NMA Email Newsletter: Issue #23

Making The Most Of An Editorial

Writing an editorial can be a rewarding experience. It’s a way to get repetitive thoughts out of your head and out where they might do some good. Often, an aggravating experience or memory will bang around in our heads like one of those tunes that gets locked in and repeats itself over and over and over until we’re ready to beat our heads on the wall in hope of at least changing the melody!

Let’s take a hypothetical situation, say you just received a standard 15 MPH speeding ticket on the way home from work, doing nothing different than anyone else on the road and driving in a safe courteous manner. Now you’re rehashing the event in your mind – it has taken the place of that ridiculous tune that was driving you crazy, and you’re thinking about what you should have said, or shouldn’t have said, how arrogant the cop was, or how unrealistic the speed limit is, or why were you singled out from all the other people who were doing the same thing. Then, it all coalesces and you say “this would not have happened if the speed limits in this town were half way reasonable and they reflected the normal flow of traffic.”

Unless you take some form of concrete action this series of events and your final conclusion are just going to keep cycling through your mind, for hours if not days. In fact, this is why so many people immediately sit down and write the check to the court, just to get the whole affair off their minds.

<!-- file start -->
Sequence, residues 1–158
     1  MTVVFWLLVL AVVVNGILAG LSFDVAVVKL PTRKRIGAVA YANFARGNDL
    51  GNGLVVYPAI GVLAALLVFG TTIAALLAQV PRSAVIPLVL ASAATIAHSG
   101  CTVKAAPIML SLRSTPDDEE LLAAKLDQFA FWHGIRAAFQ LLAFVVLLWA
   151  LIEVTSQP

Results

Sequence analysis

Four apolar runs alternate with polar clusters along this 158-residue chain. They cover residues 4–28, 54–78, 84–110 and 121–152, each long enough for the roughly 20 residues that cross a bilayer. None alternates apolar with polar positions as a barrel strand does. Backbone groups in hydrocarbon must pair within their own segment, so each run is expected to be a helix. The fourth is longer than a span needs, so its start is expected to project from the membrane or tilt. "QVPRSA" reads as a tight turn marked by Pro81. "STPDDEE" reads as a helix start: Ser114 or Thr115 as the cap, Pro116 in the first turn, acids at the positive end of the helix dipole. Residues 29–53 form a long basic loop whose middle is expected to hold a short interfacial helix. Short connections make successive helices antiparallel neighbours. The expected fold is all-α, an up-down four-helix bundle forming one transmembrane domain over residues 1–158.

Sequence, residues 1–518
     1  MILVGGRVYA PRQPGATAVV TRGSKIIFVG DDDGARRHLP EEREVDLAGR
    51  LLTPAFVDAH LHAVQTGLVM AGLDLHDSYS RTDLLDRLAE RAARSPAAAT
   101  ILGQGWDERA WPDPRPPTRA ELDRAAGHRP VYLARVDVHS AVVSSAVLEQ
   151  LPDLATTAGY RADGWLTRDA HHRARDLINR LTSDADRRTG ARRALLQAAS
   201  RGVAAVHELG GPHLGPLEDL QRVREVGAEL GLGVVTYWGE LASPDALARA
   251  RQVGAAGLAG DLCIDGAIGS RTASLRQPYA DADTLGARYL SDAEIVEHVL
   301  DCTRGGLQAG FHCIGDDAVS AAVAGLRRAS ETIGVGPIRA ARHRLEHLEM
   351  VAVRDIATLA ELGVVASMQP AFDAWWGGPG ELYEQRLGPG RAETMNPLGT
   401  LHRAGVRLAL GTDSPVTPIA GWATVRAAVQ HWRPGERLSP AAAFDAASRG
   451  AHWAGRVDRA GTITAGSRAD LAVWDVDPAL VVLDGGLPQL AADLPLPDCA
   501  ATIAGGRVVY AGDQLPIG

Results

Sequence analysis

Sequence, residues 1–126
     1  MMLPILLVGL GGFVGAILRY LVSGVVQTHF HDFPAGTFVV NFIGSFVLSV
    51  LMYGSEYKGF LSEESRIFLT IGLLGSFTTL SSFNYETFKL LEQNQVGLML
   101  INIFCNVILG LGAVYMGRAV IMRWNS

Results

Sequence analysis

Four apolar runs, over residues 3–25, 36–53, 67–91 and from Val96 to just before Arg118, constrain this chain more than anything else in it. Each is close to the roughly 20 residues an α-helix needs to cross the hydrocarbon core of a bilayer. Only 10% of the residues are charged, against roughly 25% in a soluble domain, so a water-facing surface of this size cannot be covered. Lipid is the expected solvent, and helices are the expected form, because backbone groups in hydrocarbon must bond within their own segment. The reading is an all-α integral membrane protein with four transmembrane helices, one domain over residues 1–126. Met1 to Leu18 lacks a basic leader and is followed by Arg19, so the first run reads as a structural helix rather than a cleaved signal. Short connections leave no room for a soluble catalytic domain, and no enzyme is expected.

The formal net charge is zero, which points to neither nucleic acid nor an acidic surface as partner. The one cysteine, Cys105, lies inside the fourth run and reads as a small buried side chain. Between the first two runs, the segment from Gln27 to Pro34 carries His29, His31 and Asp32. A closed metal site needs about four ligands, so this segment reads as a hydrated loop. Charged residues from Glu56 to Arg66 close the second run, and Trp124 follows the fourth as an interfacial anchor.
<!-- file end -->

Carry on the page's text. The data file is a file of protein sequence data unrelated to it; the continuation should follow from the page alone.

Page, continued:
Instead, I’d like to suggest you sit down and write an editorial. I have heard all the excuses for not writing, that’s what they are, excuses.

Here’s how you write an editorial: You start writing anything that comes to you mind concerning this experience. Don’t worry about spelling, grammar, use as much profanity as suits your mood, tell it like it is. When you’ve burned through all your pent up irritation and anger you may think you have just generated a lot of gibberish, certainly not something any paper or web site is going to publish. A little organizing is in order. You will probably be able to pick out a few strings of coherent thought, like; what happened, why it was wrong or should not have happened, and what can be done to fix the problem. In other words: I got a ticket. I should not have gotten a ticket because I was driving safely. I would not have gotten a ticket if there were reasonable speed limits in this city.

After putting your thoughts in a logical order you have to address the most difficult task; reducing your masterpiece to somewhere around 200 to 300 words. You see, despite your proclamation that you are not a writer, there will be in front of you a 1500 word miniseries on the failure of traffic regulation in the Western Hemisphere. It’s tough and ugly work, but by the time you wheedle your novelette down to 250 words you will discover a tight, concise editorial that says what you wanted to say in a manner that other people will actually read and understand what you have written.

You’ve put a lot of work into this editorial so make the most of it. In addition to sending it to the newspapers in your community, send it to the mayor, aldermen, state senator, state representative, and the local traffic engineer. Just attach a cover note that says something like “I hope you will take the time to read my comments on the appropriateness of speed limits in XYZ city.”

One final task; be sure and check the “not guilty” box on your ticket and send it in – make them work for your money.

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